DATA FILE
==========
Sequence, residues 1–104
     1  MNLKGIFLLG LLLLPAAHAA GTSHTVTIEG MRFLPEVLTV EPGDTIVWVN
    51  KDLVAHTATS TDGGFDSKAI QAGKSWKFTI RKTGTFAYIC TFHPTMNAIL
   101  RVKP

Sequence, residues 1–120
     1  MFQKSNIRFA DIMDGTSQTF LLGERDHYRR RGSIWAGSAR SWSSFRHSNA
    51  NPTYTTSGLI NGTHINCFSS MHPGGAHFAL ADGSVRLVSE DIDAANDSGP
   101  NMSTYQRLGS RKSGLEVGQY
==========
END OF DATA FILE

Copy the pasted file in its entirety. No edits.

Sequence, residues 1–104
     1  MNLKGIFLLG LLLLPAAHAA GTSHTVTIEG MRFLPEVLTV EPGDTIVWVN
    51  KDLVAHTATS TDGGFDSKAI QAGKSWKFTI RKTGTFAYIC TFHPTMNAIL
   101  RVKP

Sequence, residues 1–120
     1  MFQKSNIRFA DIMDGTSQTF LLGERDHYRR RGSIWAGSAR SWSSFRHSNA
    51  NPTYTTSGLI NGTHINCFSS MHPGGAHFAL ADGSVRLVSE DIDAANDSGP
   101  NMSTYQRLGS RKSGLEVGQY